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Title: An analysis of community-led superfast broadband initiatives in the UK and the potential for resilience
Author: Ashmore, Fiona Helena
ISNI:       0000 0004 5916 5395
Awarding Body: University of Aberdeen
Current Institution: University of Aberdeen
Date of Award: 2015
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Despite interest from policymakers and the telecommunications sector to deliver superfast broadband to the whole of the UK, rural areas remain underserved, decreasing their ability to benefit from broadband-enabled services. Public intervention, primarily structured as national subsidies, is active across the UK to respond to this rural market failure. Complementing such practices are local-level strategies framed as community-led broadband initiatives. Their inclusion within wider superfast broadband installation strategies has not yet been examined. This doctoral research examines two of these initiatives, their structure and impact on the community to develop an understanding of their potential as replicable rural broadband delivery mechanisms. I analyse both the process of installing superfast broadband technology from community-led perspective and the subsequent engagement with superfast broadband through a qualitative longitudinal approach. A conceptual framework of 'social resilience' is developed as a contemporary analytical tool for examining these individual and community processes. The findings reveal an inherent complexity to rural community-led broadband provision. Community-led broadband reflects a 'localism' development approach, and this process has strengthened local rural identity. Following the adoption of superfast broadband, rural users experienced a growth in digital knowledge and individual resilience. However, the initiatives themselves are often discussed as 'separate from', or incompatible with, the telecommunications industry, as well as sitting outside the scope of current government interventions. In doing so, barriers to external networking and extra-local partnerships are built, limiting the opportunities for community-led broadband networks to become a substantive part of rural broadband delivery across the UK. Throughout the thesis, an understanding of these various tensions, impacting the success, use and replicability of rural community-led broadband, is developed and community-led broadband is shown to be another example of uneven rural development. I conclude by making recommendations for future digital policy interventions in the UK.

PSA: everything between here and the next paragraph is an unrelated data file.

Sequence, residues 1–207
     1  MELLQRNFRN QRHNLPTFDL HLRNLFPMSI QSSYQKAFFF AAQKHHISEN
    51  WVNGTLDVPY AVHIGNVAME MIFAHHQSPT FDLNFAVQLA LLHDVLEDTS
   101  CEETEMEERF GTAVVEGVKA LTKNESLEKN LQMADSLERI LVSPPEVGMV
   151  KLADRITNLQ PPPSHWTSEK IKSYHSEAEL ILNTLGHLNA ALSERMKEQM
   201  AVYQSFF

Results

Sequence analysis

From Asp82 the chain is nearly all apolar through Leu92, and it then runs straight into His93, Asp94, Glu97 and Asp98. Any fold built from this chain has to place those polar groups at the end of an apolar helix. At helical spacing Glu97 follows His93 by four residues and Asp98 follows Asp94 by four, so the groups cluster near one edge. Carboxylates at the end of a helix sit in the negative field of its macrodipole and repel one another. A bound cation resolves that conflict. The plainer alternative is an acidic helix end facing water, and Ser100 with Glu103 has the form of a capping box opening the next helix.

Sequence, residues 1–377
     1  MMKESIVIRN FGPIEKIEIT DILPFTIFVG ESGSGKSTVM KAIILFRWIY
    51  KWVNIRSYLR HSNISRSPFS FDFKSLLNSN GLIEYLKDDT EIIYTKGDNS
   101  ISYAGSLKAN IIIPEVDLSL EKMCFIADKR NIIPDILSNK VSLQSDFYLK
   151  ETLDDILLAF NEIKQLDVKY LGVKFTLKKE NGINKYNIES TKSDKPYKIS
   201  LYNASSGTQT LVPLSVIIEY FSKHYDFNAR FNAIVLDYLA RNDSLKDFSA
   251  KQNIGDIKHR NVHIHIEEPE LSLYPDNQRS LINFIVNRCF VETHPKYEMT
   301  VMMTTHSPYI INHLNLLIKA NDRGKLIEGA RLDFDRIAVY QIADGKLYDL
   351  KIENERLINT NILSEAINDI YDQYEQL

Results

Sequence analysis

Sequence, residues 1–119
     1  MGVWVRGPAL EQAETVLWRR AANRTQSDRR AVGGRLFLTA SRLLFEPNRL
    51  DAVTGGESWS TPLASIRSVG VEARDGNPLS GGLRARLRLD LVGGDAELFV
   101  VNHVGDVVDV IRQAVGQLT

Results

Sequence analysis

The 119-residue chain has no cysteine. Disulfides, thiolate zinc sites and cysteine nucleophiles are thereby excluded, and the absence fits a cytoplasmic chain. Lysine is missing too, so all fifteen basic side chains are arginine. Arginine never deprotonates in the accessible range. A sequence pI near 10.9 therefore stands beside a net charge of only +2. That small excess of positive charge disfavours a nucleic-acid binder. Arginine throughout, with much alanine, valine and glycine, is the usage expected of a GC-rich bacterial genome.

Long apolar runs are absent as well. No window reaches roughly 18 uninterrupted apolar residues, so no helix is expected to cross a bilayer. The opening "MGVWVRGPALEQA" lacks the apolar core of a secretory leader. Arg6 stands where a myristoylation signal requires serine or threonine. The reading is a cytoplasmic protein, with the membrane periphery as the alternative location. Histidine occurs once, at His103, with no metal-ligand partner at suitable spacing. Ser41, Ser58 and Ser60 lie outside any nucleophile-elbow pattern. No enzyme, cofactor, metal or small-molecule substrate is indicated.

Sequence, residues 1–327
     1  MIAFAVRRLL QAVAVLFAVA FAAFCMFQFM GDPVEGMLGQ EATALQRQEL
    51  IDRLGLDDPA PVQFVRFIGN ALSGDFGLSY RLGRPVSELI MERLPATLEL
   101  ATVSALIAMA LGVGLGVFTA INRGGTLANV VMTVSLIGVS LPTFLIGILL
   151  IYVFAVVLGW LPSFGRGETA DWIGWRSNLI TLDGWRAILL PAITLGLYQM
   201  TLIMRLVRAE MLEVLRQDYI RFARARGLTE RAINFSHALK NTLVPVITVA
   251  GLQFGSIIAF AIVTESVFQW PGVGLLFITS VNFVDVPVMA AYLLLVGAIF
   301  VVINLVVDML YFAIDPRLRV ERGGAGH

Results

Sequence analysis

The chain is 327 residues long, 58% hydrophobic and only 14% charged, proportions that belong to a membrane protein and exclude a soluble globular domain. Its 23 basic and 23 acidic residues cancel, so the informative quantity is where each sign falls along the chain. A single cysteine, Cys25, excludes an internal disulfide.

Supervisor: Not available Sponsor: RCUK Digital Economy Programme ; dot.rural Digital Economy Hub
Qualification Name: Thesis (Ph.D.) Qualification Level: Doctoral
EThOS ID:  DOI: Not available
Keywords: Broadband communication systems ; Community power